16. 16. T A R G E T E D N E U R O L O G Y R E C R U I T I N G T A R G E T E D N E U R O L O G Y R E C R U I T I N G Compensation Models: Academics 16 • May be Hospital-Employed or Physician Practice • Think about impact of compensation structure on: • Your ability to make a living, especially if you are in a less-lucrative subspecialty • Your ability to have meaningful protected time for research • Your relationships with others in your department
  17. 17. T A R G E T E D N E U R O L O G Y R E C R U I T I N G T A R G E T E D N E U R O L O G Y R E C R U I T I N G Hospital Employment: Pros and Cons 17 • Pros • No need to run your own practice • You are likely to earn more $$ right away because hospital earns technical and facility fees in addition to the professional fees. • RVU or salary based structure makes payor-mix irrelevant • You do not have to decide how to allocate revenues, overhead and expenses between you and your partners. • Cons • You are employed and can be fired. • Your agreement may change when your contract term is over. • Changes in hospital administration may mean changes in your practice. • You may have less control over which other neurologists are hired as your colleagues. • If you have a collections-based bonus, you do not control the collections • You are less likely to have complete control over your mid-levels and other staff
  18. 18. T A R G E T E D N E U R O L O G Y R E C R U I T I N G T A R G E T E D N E U R O L O G Y R E C R U I T I N G Independent Practice: Pros and Cons 18 • Pros • Practice is likely to be well-established and offer mentorship. • Ability to admit to more than one hospital may give you important leverage. • You and your partners will control the vision/direction of your practice. • You will generally have control over when you retire or choose to leave the practice. • You may be able to develop ancillary sources of revenue to protect you from downturns in reimbursements. • Cons • Usually make less money to start. • Need to run your own practice. • Insurance status of patients will impact gross revenues to your practice. • Reimbursements may impact the way you practice. • Malpractice risk may impact the way you practice. • Allocation of revenues, overhead and expenses between you and your partners may cause conflict. • Attempts to develop ancillary income sources may result in bad investments.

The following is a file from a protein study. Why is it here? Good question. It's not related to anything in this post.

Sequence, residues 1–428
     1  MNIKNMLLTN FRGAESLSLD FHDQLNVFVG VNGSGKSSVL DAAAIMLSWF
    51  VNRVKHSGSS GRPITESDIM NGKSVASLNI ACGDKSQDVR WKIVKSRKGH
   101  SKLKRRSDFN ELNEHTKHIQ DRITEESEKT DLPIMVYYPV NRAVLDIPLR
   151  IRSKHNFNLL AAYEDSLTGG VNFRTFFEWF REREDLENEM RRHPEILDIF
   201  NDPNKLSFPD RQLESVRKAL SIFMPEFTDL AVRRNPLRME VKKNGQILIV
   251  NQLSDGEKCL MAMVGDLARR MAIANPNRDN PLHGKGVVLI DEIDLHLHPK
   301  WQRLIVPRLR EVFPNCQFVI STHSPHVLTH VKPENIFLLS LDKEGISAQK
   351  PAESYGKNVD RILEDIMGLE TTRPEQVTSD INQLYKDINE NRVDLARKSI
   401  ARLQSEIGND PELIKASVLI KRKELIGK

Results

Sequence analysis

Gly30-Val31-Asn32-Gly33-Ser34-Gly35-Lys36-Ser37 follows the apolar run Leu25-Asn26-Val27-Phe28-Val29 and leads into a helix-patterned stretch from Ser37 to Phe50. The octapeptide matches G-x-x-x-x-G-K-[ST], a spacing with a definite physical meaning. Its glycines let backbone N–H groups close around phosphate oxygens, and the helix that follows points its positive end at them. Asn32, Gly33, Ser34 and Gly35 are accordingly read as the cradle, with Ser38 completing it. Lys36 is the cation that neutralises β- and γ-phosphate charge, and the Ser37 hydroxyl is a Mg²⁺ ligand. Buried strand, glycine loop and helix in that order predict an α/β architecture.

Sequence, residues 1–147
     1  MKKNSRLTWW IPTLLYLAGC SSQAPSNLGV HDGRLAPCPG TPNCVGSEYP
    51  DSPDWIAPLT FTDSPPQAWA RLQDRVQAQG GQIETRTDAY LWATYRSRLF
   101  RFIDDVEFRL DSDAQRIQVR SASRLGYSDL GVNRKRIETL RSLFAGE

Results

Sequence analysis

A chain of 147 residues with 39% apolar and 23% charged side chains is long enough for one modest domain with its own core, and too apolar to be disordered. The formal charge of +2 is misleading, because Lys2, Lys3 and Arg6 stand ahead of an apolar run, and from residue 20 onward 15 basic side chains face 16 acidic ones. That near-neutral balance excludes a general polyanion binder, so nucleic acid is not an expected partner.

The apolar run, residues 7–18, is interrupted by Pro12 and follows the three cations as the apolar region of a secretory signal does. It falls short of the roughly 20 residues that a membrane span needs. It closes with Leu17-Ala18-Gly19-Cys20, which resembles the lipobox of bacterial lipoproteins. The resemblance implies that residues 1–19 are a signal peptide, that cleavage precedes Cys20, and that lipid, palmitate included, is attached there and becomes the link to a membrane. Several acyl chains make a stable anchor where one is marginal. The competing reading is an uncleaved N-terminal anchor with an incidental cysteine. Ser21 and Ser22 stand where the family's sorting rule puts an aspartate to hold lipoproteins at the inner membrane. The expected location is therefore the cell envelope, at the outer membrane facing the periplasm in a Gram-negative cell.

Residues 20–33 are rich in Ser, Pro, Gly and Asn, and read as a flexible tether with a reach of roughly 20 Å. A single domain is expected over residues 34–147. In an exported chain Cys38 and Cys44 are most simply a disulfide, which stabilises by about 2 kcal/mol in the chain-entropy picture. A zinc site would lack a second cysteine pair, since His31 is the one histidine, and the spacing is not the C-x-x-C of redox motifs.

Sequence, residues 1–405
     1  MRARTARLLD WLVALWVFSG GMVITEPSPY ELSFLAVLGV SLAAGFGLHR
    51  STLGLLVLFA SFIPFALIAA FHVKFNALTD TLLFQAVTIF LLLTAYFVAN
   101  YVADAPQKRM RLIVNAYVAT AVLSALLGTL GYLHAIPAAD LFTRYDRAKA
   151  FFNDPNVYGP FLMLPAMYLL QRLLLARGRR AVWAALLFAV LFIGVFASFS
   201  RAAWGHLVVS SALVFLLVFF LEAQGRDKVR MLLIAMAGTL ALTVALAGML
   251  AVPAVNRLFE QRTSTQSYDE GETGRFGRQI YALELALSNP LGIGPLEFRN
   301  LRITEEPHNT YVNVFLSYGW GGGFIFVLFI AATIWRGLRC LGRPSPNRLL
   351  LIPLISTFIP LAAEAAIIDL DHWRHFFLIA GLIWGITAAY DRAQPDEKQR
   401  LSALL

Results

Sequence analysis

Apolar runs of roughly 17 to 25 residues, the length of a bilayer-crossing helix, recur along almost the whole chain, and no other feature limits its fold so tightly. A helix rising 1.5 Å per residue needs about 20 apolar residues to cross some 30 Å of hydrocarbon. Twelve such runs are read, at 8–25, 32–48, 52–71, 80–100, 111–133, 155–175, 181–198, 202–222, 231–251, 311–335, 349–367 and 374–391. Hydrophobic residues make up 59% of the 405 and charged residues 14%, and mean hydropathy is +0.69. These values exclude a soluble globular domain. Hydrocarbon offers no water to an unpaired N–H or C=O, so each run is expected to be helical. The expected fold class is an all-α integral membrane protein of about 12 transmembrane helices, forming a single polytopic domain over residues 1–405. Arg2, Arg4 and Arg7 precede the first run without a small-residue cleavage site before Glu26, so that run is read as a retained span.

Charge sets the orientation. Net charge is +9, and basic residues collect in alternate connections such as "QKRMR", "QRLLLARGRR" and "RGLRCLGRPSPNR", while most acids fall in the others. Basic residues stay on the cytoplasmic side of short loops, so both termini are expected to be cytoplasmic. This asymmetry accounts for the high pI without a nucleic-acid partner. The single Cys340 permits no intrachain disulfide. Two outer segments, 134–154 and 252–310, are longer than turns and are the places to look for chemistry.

19. 19. T A R G E T E D N E U R O L O G Y R E C R U I T I N G T A R G E T E D N E U R O L O G Y R E C R U I T I N G Don’t “Miss the Forest for the Trees” 19 • Do you like the location? • Can you develop a successful practice? • Do you like the people? • If you are happy with the location, the practice, and the people, it is unlikely that you will want to leave just because of money.
  20. 20. T A R G E T E D N E U R O L O G Y R E C R U I T I N G T A R G E T E D N E U R O L O G Y R E C R U I T I N G Proximity to Family? 20
  21. 21. T A R G E T E D N E U R O L O G Y R E C R U I T I N G T A R G E T E D N E U R O L O G Y R E C R U I T I N G Proximity to Family? 21
  22. 22. T A R G E T E D N E U R O L O G Y R E C R U I T I N G T A R G E T E D N E U R O L O G Y R E C R U I T I N G The recruitment timeline 22 • Try to start between 12-18 months before the completion of your training – Especially if you have visa considerations (If you require a J1-visa waiver, you need to have signed your contract by August or September of the year before the completion of your training!!) • Try to have phone conversations with 8-10 practices to get an idea of what you like and don’t like. • Plan to visit 3-5 different practices to get a real feel for them. • Ideally, when you decide it is time to make a decision, you will have several contract offers in front of you! Starting early gives you many advantages!